Monday, January 14, 2013

Greenbaum's "Acceptability in Language"

If you have read this blog and attempted to make sense of the entries, which are obscure notes to myself that happen to be posted in public, you may have noticed that I appear to be on a one-man crusade to renew interest in the concept of "acceptability"in applied linguistics. Why? Because it's versatile, it spans a variety of areas in language study, it's sociocultural, it's about grammar, and everybody has something to say about it. Really: just ask the nearest person to you how to use 'who' and 'whom,' or what kind of word it's OK or not OK to end a sentence with. (Ha.)

In my own reading about acceptability, I've been working my way backwards from a 2003 article by Christina Higgins, usually ending up back someplace in the 1960s or 70s, with Chomsky setting up the need to study 'competence' and linguists coming up with Grammaticality Judgment Tasks, and the realization that there is a distinction between grammaticality and acceptability. Most of what I've been working on is meant to get people involved in the study of English worldwide to take an interest in the relevance of acceptability judgments to our work.

But there's one major publication on acceptability I've never really looked into, and that is Sidney Greenbaum's Acceptability in Language, an edited collection published in 1977. Greenbaum wrote the Oxford Companion to the English Language entry on "Grammaticality," and he is one of the authors of the imposing Comprehensive Grammar of the English Language. (He died in 1996.)

Anyway, I'm going to read part of the book this week, and take notes on it here, starting with the

Introduction by Sidney Greenbaum

Greenbaum summarizes and comments on the 13 studies presented in the collection. His second paragraph explains the importance of acceptability to social descriptions of language: "the macro-level concerns attitudes toward the acceptability of a language or a of a variety within a language, whereas the micro-level concerns the acceptability of specific linguistic features" (p. 1). (The methods I use in my own research are meant to bridge the gap between these two, by the way.) He mentions that some studies will "consider the contrast that many linguists make between grammaticality and acceptability " and mentions that the "underlying system in the language" and "the acceptability judgments of individual speakers" are different. (Indeed, I think the latter are worth focusing on for that reason.)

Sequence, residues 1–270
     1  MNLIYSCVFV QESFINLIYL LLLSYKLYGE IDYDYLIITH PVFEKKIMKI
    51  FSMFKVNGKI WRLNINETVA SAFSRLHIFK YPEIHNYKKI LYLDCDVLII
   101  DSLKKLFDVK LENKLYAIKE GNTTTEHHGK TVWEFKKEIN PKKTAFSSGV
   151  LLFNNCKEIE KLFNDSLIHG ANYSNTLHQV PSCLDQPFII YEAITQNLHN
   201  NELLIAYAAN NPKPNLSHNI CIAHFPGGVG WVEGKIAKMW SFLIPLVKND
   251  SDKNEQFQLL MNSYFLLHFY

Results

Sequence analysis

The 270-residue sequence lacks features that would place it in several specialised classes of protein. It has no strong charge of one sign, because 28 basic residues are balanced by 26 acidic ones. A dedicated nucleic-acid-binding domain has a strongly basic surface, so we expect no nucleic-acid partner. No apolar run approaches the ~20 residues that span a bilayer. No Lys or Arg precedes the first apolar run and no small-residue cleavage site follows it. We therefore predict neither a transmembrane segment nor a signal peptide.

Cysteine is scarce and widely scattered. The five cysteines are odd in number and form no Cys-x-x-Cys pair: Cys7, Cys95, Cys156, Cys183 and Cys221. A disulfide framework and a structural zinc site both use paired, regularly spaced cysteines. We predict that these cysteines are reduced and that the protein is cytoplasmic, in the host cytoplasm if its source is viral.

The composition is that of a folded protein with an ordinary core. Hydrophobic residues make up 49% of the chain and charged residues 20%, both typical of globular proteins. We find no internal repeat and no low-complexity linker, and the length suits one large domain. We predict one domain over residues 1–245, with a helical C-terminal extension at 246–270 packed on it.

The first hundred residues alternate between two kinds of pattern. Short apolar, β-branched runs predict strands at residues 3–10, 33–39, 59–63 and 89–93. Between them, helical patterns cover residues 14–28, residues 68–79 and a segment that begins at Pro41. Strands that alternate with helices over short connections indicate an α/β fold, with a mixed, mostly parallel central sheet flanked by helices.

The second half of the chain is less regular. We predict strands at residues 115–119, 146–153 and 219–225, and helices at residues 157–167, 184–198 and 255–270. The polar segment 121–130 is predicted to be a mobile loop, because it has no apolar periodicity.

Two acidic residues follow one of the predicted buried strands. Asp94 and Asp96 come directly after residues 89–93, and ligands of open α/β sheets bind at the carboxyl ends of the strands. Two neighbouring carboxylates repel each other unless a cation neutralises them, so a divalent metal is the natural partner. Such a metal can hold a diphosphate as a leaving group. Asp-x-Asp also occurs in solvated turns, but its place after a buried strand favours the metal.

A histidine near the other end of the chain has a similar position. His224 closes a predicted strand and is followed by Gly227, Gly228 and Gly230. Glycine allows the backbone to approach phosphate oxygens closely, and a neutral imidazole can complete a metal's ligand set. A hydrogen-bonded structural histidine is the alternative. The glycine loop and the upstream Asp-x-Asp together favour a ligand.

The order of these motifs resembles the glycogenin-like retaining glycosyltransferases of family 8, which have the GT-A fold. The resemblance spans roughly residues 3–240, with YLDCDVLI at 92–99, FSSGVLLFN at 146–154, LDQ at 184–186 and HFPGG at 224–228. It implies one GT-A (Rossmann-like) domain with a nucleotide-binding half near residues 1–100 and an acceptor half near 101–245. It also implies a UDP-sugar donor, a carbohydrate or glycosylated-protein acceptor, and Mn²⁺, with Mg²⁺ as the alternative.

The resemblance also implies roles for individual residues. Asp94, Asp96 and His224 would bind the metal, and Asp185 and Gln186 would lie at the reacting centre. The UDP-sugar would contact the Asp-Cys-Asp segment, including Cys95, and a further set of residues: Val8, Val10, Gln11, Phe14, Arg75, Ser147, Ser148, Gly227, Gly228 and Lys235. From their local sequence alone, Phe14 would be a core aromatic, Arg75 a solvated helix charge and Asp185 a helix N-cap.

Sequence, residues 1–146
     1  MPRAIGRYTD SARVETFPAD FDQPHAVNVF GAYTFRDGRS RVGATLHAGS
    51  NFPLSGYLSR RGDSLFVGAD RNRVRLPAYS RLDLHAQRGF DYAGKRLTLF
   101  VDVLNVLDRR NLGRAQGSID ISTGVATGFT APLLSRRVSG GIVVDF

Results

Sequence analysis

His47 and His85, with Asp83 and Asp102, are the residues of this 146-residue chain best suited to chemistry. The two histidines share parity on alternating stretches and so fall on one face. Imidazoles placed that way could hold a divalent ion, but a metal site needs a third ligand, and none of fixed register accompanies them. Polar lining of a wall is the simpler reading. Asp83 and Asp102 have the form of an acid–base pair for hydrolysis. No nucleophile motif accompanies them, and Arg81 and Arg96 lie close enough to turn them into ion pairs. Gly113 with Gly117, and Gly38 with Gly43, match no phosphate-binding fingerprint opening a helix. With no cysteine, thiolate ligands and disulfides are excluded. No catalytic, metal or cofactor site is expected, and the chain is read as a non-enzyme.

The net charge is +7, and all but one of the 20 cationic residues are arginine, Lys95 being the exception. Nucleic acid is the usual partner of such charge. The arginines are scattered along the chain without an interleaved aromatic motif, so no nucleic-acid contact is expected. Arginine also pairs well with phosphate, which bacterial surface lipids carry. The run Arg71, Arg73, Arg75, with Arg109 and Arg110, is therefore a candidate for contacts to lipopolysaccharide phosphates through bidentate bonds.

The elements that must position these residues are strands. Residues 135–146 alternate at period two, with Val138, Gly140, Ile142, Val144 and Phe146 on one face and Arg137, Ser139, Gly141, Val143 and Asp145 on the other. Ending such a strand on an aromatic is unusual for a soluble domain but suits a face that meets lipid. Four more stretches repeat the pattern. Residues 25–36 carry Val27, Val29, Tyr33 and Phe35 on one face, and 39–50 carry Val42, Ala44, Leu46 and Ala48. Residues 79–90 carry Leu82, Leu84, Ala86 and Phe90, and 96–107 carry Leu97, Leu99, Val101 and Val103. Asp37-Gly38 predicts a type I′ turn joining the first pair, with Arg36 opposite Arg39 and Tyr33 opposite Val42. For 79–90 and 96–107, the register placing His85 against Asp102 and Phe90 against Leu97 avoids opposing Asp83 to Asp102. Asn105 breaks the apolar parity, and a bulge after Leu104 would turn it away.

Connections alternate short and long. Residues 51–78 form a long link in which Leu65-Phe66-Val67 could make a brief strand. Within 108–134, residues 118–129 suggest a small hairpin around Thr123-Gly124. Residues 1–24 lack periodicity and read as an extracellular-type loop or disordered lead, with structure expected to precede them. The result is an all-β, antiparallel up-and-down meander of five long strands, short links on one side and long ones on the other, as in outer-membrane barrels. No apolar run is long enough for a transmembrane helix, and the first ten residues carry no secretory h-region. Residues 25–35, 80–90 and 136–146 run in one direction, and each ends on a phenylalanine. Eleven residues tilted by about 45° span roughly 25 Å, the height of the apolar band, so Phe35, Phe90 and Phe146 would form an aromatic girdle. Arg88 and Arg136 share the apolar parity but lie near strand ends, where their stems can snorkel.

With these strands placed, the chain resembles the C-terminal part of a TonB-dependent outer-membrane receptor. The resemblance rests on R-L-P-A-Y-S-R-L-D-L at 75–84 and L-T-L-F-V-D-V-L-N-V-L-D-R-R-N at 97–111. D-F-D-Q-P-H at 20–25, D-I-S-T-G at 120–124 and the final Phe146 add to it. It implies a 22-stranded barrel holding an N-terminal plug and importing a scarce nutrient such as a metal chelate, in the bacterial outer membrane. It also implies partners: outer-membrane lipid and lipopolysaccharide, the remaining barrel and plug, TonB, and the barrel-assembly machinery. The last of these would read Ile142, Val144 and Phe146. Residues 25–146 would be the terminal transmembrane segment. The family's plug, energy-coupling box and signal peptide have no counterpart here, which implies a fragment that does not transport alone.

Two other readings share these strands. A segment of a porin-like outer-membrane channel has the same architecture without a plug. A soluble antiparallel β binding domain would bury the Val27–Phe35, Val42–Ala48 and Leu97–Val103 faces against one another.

Greenbaum comments on the "crucial significance  of acceptability judgments for linguistic theory and practice, and the reliance of researchers on "the intuitions of native speaker" -- he doesn't particularly criticize this (and I think it doesn't need criticizing, just expansion to a variety of speakers, NS and NNS alike), but does criticize linguists for using "their own intuitions" rather than those of non-linguists. (I wasn't aware this was a big problem, though some of the studies I read from the 1980s do specifically use specialists. In fact, I think the use of specialists is totally fine, but I agree that you probably shouldn't be relying on your own intuitions. I haven't come across any of those studies, however.)

However, a number of the papers in the collection criticize the elicitation of judgments as a method for sociolingusitics (I think Im going to need to read this Labov 1972 paper), arguing that "speech samples" should be the primary data. (Maybe so, for 'pure' sociolx, but again, AJTs are valuable for other reasons ) Greenbaum says that "acceptability intuitions and language behavior do not necessarily coincide and....informant reactions do not always reflect actual usage (p. 5)." "The producible is not always identical with the acceptable."There's a tension within sociolinguistics regarding speech vs intuition -- the question is sociolx is (I think) "how do we account for variation" (both macro and micro) , and I think you probably need both actual usage and attitudes to account for that, at any level.

Grammaticality vs acceptability:
 Grammaticality: is this feature 'in or out?'
Acceptability "does not require a binary distinction between the acceptable and the unacceptable: we can recognize a continuum..." (p. 6)

To read:

From this book:
Acceptability in Context (ch 4) -  van Dijk
Sociolinguistic Reflections on Acceptability (ch 5) Eagleson
Acceptability in a Revived Language (ch 10) Rabin
On the Secondary Nature of Syntactic Intuition (ch 11) Snow and Meijer
Variation, Acceptability, and the Advanced Foreign Learner (ch 13) Tottie

and also
Labov 1972  - Sociolinguistic Patterns (uh oh, it's a book - just find the relevant stuff)

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